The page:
We get it, there’s nothing easy about making the decision to go to graduate school. There can be a lot standing in the way between being just an idea and actually attending. How will you afford it? Can you even handle school again? Read about the five most common obstacles that may be holding you back and what you can do to overcome them.
You now know just how important it is to set goals. They not only help you achieve your dreams, they show potential jobs or grad schools you mean business. But when it comes to formulating that perfect goal, what should it look like? What makes a goal a good one you’ll live by versus a bad one you’ll throw away in a few weeks? Make it a goal for your next goal to follow these tips:
When did the concept of setting goals become so complicated? At their core, goals are easy to understand. They’re defined as “the end toward which effort is directed.” Put into practice, they’re the answer to pressing questions like, “what do you want to get out of life?” and “what do you want to achieve professionally?” But you probably already know this. What’s holding you back from setting goals isn’t not knowing what goals are, it’s not knowing why you should kick that goal setting process into high gear.
It’s bound to happen. You finish your undergraduate degree and you're ready to take on the real world. You start building out your new adult life: you embark on a career path, form new relationships, and move to a new city. But then all of the sudden a quarter life crisis hits you like a freight train. It leaves you anxious, stressed, and wondering what you want your life to actually look like. Are you on the right path? Here’s how to weather the inevitable quarter life crisis:
Sarabeth Dobbs recently started one of the greatest balancing acts known to working professionals: being both a part-time student and a full-time employee. Product Manager at the Graduate Management Admission Council (GMAC) by day, part-time online MBA student at William and Mary by night, Sarabeth’s busy days are meticulously scheduled. Seven weeks into her balancing act, Sarabeth shares why she ultimately chose an online program and how it differs from a traditional business school experience.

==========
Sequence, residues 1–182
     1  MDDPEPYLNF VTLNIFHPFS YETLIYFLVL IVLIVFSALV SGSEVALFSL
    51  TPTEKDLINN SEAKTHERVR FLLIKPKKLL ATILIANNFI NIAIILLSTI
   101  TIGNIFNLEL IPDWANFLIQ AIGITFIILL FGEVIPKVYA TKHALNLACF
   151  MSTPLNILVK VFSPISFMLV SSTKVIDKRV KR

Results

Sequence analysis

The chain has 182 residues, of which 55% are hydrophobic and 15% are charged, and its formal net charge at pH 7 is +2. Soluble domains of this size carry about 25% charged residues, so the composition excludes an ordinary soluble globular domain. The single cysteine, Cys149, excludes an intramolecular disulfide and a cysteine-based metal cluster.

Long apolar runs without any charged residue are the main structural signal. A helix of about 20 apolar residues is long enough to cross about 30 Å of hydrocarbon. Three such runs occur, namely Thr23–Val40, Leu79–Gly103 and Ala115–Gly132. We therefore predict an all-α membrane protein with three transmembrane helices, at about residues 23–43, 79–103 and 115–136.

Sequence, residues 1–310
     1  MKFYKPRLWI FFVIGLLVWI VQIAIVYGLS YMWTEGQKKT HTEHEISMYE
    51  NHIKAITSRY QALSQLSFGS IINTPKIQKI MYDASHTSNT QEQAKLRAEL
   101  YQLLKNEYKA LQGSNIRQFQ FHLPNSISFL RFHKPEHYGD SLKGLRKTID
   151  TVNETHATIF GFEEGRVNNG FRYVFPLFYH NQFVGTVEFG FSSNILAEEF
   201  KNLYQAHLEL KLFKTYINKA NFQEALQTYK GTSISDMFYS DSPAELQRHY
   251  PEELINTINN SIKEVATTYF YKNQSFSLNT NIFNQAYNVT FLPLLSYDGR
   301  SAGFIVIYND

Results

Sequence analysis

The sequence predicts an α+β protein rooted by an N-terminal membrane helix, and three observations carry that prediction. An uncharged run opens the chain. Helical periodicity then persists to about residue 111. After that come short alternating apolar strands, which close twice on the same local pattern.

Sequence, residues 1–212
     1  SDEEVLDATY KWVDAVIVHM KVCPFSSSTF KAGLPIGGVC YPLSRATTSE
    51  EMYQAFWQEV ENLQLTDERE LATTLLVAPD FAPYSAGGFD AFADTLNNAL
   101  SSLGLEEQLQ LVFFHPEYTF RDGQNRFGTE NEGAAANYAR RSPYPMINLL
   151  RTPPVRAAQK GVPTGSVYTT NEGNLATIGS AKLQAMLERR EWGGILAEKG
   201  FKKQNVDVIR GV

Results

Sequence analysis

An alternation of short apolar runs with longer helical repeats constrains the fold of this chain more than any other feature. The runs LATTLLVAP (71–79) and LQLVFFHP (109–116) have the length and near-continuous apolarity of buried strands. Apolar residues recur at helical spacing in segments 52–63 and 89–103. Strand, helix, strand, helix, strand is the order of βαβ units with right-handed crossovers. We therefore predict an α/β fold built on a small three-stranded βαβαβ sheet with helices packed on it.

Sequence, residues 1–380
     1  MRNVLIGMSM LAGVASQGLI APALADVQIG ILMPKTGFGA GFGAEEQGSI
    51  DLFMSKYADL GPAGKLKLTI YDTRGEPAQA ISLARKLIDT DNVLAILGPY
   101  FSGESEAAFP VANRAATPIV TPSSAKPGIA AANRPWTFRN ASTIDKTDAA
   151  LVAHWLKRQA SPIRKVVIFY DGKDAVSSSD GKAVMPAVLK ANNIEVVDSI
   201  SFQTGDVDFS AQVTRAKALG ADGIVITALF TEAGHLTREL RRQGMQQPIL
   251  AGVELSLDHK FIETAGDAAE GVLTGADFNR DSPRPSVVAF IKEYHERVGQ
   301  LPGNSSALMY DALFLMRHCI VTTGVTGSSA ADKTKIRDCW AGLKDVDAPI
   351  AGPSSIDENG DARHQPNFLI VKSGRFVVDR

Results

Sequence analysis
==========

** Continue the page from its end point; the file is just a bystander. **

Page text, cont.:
If an employer asked you to describe your skills, what would you say? Your brain likely jumps to all the hard skills you’ve picked up along the way. Maybe you are a coding wizard or just added another degree under your belt. But what about your soft skills? That’s what employers really care about. In fact, 57% of business leaders think soft skills are the most important skills. Here’s how to identify and show off your own soft skills so the next time an employer asks, you know how to answer:
The Post College Professional sat down with new grad student and working professional, Kevin Sundeen. After 10 years into his career, all arrows pointed to a graduate degree at George Mason University School of Business. Read about how he decided on the right program, how he balances his new school schedule with everyday life, and what he didn't expect from his grad school journey!
It’s inevitable, someone is going to ask you to describe a time you failed. Whether the question is on a graduate school essay or in an interview to land a job, you’re going to have to talk about failing. And there’s no getting around the fact that answering this question can feel cringeworthy. But knowing how to talk about your failure is critical in showcasing just how mature and genuine you really are. Here’s how to pull off a well-thought-out answer when the inevitable happens:
We’ve heard the same success stories over and over again. They always involve the same storyline: a person had a goal, worked really hard, and achieved that goal. Whether our parents or our favorite celebs tell these stories, they’re meant to inspire us to work towards our own success.
But where are the stories about people who worked hard and then failed? Failure stories are just as important as success stories in defining who we are and how we approach work and life. Read, watch, and attend your way through the following list to learn from overlooked stories all about failure: